o reflect

o repeat

o how much time should faculty spend on learning about teaching & learning? Airline reservations employees spent at least 4 hours/month (48 hours/year) in professional development to learn new skills & about changes in the industry

o our job as professional educators is to:

§ be human alchemists

§ change the ordinary into the special (i.e.,—transforming students into confident, capable, caring people

Tuesday, August 14, 2007

Same-sex Marriage, Wedding, Wife

As I've been reading about Friends at New England Yearly Meeting grappling with LGBT issues regarding FUM's sexual ethics personnel policy, I am moved to share my joy in our monthly meeting's support, acceptance, and engagement with the lesbian and gay members and attenders. A & I were married 4 weeks & 2 days ago "under the care of the Meeting," "in the manner of Friends," the whole nine yards.... It is marvelous, wonderful, amazing to be taken for granted. To follow a process already in place. To use the same words (marriage, wedding, wife) that other people use. We had some variations, to be sure: our "best girls" ran the show unobtrusively and our overseers read a passage about same-sex marriage as they explained the Quaker process to those unfamiliar with Friends' weddings. I was most moved by the verbal ministry of one of A's aunts when she spoke about love and partnership and welcomed me to the family, because I had had an impression that she was not friendly to same-sex relationships. Yet she, too, was moved to take me/us for granted. Maybe Friends in FUM will be able to unite someday to take us for granted--so that we will no longer need to marvel, wonder, or be amazed.

Friday, August 10, 2007

Meeting space

This morning I dreamt about feeling that I have been missing the experience of Sabbath--I haven't been feeling particularly rested or connected to God and nature. Today I am going with A to meet some of her family-like friends in Chicago--I will try to be more deliberate about being mindful and aware, resting, being present, meeting each person, and that of God within them, graciously and gracefully.

Our Friends Meeting is also seeking a place to rest (or is it roost?). As happened last time, every possibility seems to be falling through, and probably the one which will work for us will come at the last moment, so I trust. At work, we senior faculty struggle to identify when to trust, and when to act decisively to lead. There is a lot that goes into finding a meeting place for our spiritual community; so too with creating a space in which to find common understanding with our junior colleagues who have more formal authority in our library organization but far less experience. We experience being broken open and re-formed again, as individuals and in community, inextricably part of forming relationship, be it with Spirit or each other. (Both/and, one of my colleagues/friends would remind me.) May this struggle give all of us a spirit of wisdom and revelation, so that, with the eyes of our heart enlightened, we may know what is the hope to which we are called (see Ephesians 1:17-19; thanks to Micah Bales in his July 8 post in The Lamb's War for reminding me of this passage and to look for connections). Hope, a constantly deliberate act of will.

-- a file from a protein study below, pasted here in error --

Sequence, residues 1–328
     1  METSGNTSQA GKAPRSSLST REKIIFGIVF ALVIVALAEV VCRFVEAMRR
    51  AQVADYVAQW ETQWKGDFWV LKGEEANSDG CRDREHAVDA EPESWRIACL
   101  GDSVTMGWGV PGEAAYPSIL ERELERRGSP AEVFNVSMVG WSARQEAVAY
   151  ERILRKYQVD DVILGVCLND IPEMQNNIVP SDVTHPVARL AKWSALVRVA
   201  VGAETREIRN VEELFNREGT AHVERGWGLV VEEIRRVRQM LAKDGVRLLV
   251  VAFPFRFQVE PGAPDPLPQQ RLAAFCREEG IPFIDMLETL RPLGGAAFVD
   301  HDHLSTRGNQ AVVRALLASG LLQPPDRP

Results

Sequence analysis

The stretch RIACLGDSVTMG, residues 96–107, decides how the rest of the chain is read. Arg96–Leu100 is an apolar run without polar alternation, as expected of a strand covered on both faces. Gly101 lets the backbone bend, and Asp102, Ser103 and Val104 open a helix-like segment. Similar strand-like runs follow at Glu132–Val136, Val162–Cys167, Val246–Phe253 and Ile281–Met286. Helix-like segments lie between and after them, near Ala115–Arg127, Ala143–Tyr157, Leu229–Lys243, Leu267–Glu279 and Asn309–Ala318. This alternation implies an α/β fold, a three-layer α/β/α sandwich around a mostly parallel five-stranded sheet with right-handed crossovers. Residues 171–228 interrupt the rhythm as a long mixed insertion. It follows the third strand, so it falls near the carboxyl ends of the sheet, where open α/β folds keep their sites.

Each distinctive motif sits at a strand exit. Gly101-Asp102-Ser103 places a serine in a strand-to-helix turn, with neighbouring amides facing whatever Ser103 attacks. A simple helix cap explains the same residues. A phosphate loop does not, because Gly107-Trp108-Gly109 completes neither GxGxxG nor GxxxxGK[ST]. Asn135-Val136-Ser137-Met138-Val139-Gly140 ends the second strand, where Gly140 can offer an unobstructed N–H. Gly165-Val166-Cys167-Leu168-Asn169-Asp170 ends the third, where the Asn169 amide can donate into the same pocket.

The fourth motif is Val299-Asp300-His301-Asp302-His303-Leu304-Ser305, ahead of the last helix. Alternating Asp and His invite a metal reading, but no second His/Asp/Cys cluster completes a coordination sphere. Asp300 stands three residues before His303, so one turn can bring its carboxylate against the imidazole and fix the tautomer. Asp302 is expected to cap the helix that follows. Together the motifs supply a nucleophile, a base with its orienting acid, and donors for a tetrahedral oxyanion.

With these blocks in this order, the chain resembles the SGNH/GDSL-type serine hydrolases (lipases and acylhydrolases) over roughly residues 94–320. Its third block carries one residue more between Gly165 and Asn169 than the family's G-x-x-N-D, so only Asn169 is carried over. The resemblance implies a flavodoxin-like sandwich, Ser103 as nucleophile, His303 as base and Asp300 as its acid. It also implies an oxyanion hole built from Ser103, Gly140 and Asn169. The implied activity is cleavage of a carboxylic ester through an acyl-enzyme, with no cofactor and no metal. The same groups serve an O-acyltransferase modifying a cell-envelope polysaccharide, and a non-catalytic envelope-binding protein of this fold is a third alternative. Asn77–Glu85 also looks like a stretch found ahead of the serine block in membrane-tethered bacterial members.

Wednesday, August 1, 2007

Back to work; converging quakerism

It wasn't as difficult as I had thought it might be to return to work--there is plenty to do, and I am trying to figure out what to propose for a sabbatical project. I want to finish my book and get it published, but as it isn't about libraries, I'm not sure how my colleagues will respond to that. I'd like to study theology (Quaker theology specifically), or even Spanish, at the MA level--that could be tied into my being an Arts & Humanities librarian. Maybe I can make the case for the book in that it goes toward both scholarship and A&H--and may help me to understand my A&H colleagues' professional lives better, and help me to mentor my younger librarian colleagues in the scholarship & publishing aspects of their jobs.

P.S., why do I consider myself a "convergent" Quaker? Because, despite my liberal tendencies and membership in a FGC Meeting, I experienced a calling to study and worship with an evangelical-type Christian church in a very different and newer tradition than liberal Friends, which continually took me out of my comfort zone, and let me learn an enormous amount about the Bible. Because I visited an evangelical Friends meeting and felt the lack of connection between us. Because I believe in dialogue rather than dismissal, and understanding rather than merging.